Insights: Alerts Recognition Without an Election: NLRB Tweaks and Resurrects Joy Silk

The National Labor Relations Board (“NLRB” or “Board”) continued its aggressive efforts to curtail longstanding management rights under federal labor law, this time by reviving key features of a long-dormant legal doctrine allowing unions to bypass the formal representation election process. The ruling fulfills Board General Counsel Jennifer Abruzzo’s stated goal of reviving the so-called Joy Silk doctrine.  The Board’s decision replaces secret ballot elections as the preferred method for determining whether a union has majority support with a de facto “card-check” process.  

Coupled with the procedural Final Rule issued yesterday, the practical effect of the Board’s decision today in Cemex Construction Materials Pacific, LLC, is that it makes organizing easier for unions by eliminating the formal election process and, by extension, deprives employers of any opportunity to run campaigns. Unions will now be able to secretly (and swiftly) gather authorization cards, force employers to petition for a representation election, and proceed to an election in a matter of days.  

History of the Joy Silk Doctrine

The Joy Silk doctrine stems from a 1949 Board decision, wherein the NLRB created a second avenue to union recognition through Section 8(a)(5) of the National Labor Relations Act (“NLRA” or “Act”), which makes it an unfair labor practice for an employer to refuse to bargain collectively with the representative of its employees.  

The doctrine created a de facto “card-check” process in which a union could become a group of employees’ bargaining representatives without going through the formal election process. Instead, unions were able to obtain bargaining orders from the Board if they obtained authorization cards from the majority of employees and requested recognition from the employer, only to have the employer refuse to recognize the union. The refusal to recognize the union was deemed an unfair labor practice unless the employer could demonstrate it possessed a “good-faith doubt” as to the union’s majority status when it refused to recognize the union.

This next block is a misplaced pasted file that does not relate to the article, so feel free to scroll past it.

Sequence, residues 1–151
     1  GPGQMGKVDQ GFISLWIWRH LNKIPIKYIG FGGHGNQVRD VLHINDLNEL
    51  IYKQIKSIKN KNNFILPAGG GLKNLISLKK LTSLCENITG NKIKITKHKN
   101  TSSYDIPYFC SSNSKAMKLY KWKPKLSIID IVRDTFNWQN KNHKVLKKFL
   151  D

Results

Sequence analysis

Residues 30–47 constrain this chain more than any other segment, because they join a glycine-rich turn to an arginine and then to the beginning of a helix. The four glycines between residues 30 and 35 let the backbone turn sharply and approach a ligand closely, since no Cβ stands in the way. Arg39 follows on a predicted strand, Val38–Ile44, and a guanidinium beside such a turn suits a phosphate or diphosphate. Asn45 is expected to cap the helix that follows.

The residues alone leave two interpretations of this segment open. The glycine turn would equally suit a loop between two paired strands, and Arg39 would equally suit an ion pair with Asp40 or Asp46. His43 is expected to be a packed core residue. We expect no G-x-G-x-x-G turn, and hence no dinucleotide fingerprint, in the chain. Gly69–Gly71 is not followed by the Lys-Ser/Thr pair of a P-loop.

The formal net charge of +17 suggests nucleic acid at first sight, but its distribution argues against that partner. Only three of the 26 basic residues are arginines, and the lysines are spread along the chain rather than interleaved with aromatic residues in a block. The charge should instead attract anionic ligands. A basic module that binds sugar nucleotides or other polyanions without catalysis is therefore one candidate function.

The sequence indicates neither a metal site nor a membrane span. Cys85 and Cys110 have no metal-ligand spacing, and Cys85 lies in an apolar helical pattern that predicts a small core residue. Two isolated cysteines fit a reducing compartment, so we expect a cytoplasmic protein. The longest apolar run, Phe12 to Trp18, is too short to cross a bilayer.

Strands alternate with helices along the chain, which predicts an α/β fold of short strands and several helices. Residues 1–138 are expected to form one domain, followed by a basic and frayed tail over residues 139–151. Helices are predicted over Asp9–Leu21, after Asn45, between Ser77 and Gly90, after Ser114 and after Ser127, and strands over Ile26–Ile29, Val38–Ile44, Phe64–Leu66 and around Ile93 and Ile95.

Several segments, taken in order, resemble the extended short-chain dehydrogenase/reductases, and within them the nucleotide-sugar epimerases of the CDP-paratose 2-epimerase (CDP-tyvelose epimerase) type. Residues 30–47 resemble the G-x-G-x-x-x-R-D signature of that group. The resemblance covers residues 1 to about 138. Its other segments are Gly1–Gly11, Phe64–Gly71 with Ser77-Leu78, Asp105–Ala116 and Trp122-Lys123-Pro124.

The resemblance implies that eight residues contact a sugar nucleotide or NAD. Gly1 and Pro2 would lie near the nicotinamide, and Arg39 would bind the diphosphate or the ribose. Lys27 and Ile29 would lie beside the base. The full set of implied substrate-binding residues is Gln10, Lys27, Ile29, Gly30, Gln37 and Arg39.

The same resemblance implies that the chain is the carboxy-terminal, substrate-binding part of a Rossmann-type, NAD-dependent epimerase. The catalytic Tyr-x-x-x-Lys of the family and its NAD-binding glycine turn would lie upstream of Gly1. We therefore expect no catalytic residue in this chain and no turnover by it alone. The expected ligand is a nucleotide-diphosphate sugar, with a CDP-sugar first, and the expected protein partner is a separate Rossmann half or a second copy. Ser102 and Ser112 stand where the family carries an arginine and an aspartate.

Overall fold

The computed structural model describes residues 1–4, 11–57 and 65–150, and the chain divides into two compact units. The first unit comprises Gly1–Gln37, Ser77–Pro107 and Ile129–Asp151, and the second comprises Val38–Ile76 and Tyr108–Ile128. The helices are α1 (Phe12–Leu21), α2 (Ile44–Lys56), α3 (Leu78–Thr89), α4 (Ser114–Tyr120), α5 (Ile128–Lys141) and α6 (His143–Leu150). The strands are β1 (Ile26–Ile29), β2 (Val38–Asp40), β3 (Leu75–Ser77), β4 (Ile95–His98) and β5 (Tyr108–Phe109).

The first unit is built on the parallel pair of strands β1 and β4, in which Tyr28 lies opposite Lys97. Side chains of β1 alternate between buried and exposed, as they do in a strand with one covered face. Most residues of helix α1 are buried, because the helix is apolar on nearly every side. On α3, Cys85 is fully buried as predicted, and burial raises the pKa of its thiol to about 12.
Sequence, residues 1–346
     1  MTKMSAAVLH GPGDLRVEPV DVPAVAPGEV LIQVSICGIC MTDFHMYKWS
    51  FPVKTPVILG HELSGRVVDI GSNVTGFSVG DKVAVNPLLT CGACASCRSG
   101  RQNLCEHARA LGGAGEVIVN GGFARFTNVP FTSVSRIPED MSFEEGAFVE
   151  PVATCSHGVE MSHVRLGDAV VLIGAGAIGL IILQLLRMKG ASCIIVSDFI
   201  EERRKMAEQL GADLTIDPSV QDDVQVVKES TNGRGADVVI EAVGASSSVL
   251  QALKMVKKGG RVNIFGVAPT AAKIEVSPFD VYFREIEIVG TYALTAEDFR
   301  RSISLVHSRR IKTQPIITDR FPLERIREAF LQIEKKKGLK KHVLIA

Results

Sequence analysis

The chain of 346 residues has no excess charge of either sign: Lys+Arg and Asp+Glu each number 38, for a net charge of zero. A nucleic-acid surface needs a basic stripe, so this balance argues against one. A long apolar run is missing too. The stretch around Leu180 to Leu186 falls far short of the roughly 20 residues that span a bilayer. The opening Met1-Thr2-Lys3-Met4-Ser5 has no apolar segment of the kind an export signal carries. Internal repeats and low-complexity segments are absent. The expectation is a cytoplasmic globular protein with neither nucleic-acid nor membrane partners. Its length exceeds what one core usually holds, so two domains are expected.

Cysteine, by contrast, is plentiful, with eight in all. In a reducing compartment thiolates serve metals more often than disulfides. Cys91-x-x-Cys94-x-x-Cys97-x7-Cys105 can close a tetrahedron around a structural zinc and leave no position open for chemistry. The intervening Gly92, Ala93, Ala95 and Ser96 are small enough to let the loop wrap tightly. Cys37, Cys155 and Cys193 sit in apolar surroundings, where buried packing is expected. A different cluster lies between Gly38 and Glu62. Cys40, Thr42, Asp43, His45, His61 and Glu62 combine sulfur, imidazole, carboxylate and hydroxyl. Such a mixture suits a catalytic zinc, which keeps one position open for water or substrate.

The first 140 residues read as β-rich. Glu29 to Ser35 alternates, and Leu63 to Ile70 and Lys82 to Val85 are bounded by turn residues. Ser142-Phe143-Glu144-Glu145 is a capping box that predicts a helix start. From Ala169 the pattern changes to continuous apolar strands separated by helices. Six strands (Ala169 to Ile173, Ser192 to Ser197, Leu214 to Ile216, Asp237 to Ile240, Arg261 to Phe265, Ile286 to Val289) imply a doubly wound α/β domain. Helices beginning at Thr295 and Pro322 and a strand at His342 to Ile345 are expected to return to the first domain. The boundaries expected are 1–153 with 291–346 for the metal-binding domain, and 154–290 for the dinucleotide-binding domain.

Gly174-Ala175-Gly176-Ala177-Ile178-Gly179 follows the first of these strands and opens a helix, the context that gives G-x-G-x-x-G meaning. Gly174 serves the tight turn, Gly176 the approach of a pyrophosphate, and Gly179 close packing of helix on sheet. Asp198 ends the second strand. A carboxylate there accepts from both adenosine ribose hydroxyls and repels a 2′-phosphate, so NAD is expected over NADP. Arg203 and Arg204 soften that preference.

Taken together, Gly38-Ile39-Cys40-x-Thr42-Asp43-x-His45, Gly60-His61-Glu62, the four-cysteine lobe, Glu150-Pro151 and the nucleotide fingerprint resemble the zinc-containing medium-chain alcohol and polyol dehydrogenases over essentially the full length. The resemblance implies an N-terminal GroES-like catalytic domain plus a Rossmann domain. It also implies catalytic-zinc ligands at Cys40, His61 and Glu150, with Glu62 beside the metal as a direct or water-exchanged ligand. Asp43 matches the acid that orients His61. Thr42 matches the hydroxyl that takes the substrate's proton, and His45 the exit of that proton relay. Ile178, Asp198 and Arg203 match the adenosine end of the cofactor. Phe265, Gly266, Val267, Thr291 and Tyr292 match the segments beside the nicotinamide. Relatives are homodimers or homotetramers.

The good-faith doubt test was officially scrapped by the Supreme Court more than 50 years ago in NLRB v. Gissel Packing Co., noting the Board’s then-General Counsel “announced at oral argument that [the Board] had virtually abandoned the Joy Silk doctrine altogether.” Under the Gissel Packing standard, employers have the right to decline to voluntarily recognize the union and insist on an election. Further, entry of a bargaining order without an election is only permitted in cases where the Board determines that the union did at some point enjoy majority support and a fair election is either highly unlikely or impossible due to widespread and egregious unfair labor practices committed by the employer during the campaign.

The Supreme Court confirmed the demise of the good-faith doubt test a few years later in Linden Lumber Division v. NLRB and held that it is not an unfair labor practice for an employer to deny a union’s request for voluntary recognition based upon a card-check.

The Cemex Construction Framework

Today, the Board issued its anticipated decision in Cemex Construction, affirming an administrative law judge’s (“ALJ”) decision to set aside the results of a union election due to numerous severe unfair labor practices committed by the employer between the union’s filing of a petition for an election and the election date.

Contrary to the ALJ, however, the Board determined that an affirmative bargaining order, rather than a rerun election, was necessary due to the extent of coercive misconduct on the part of the employer. The Board reached this result using the Gissel Packing standard. Nonetheless, the Board majority then proceeded to address and ultimately adopt GC Abruzzo’s request for the Board to overturn Linden Lumber and reinstate Joy Silk. The Board majority began its analysis by overruling Linden Lumber, describing it as “inadequate to safeguard the fundamental right to organize and bargain collectively….” In its place, the majority established a new framework for determining when an employer has unlawfully refused to recognize and bargain with a union with majority support.